My taxi pulled up and my heart leapt. Many of my new retreat mates were sat outside, enjoying the sunshine. Some were older than me, others looked more successful, others looked calmer, others looked ‘more together’. To my mind they all looked more ready than me. Luckily there was no time to dwell and – unluckily it seemed at the time – nowhere to hide. I couldn’t hide behind my intellect, my career success, or my story of how I’d overcome OCD – I just had to be me, stripped back to my essence. I quickly realised how unsure I was of my emotional self and the periods of silence on the course allowed me to see how often my inner critic would fill my head with negative self-talk.
As the week progressed, it was an emotional rollercoaster. Insight after insight came, to the point where I couldn’t remember what day it was and when we’d done what. I laughed, cried, shouted, celebrated, reflected. I found myself in a space where who I was on all levels (not just intellectually) wasn’t mocked or shamed – in fact my experience and values were respected and treasured. The love, acceptance, and courage of everyone I was with was remarkable and deeply healing. I felt seen, heard, and understood. I felt I could accept myself in a way I never previously have.
Experiencing that and learning so much about myself has fundamentally changed my life. I’m typing this from Lisbon, Portugal where I’m making a new home, a year or so after the Process. I now run a coaching business helping people in a way that I love and that I believe truly makes a difference. I’ve learnt to listen to that inner voice and focus on that, rather than what others think. My worth and value now comes from within. The Process really taught me firsthand how much inner conflict relates to outer conflict and, having lived in war zones and seen the pain inflicted by those who haven’t been able to resolve their pain, I’m determined to do what I can to shine a light in those dark places where awareness would make such a difference. I’ve started a book, which feels a first step in that direction.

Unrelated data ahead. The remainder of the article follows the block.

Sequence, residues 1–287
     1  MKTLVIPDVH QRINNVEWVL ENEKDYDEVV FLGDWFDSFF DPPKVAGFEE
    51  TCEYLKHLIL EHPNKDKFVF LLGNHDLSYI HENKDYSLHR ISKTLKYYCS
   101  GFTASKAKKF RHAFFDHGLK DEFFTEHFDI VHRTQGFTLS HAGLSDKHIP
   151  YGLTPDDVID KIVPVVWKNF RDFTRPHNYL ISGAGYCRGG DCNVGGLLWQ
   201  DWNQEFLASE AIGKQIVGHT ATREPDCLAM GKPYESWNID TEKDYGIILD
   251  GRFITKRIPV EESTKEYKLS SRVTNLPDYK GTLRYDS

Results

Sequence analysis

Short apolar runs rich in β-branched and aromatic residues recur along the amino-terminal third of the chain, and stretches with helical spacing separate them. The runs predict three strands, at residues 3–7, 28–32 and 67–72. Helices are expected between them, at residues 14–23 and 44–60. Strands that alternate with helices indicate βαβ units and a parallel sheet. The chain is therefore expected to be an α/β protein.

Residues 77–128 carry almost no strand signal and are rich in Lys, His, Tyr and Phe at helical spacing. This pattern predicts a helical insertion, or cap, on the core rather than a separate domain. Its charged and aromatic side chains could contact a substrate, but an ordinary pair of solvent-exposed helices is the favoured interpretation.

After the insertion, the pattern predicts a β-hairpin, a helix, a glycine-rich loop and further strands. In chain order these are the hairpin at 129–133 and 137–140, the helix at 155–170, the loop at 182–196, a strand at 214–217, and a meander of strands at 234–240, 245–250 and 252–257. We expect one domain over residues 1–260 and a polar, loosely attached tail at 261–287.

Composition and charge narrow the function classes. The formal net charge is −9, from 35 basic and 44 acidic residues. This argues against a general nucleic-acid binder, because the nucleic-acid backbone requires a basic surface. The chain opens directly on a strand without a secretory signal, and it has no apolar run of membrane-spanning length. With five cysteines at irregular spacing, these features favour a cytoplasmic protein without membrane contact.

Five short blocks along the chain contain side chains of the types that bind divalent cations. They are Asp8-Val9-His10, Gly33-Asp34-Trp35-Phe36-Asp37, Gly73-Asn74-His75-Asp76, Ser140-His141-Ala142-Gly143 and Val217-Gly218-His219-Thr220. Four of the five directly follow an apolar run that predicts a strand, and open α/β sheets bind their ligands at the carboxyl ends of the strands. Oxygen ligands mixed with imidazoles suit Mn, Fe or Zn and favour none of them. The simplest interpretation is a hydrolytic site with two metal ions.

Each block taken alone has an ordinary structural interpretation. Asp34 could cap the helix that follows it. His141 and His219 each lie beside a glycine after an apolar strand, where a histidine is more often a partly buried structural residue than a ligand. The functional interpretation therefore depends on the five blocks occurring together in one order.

Those closest to me have seen a change too. My Mum recently commented how happy she is that I’ve found a new way of living. She says she sees a lightness and joy in me. Strangers tell me they can see I’m at peace with myself. My sister has asked multiple times about the course as she can “see what a difference it’s made” to my life. When anyone asks me about the Process now, I tell them it’s excellent value and life-changing.
If there’s a small part of you which is intrigued, don’t let that scepticism and doubt win out. Don’t let your intellect get in the way, particularly if you like to intellectualise your emotions like I did! Pop your ego aside for a moment and just sign up. It’s calling to you for a reason. And, if you do sign up, my one tip would be to go all in. Don’t self-censor, don’t hold yourself back because of what others think. Stay open-minded. Notice if you feel resistance and lean in as best you can. The dividends really are endless.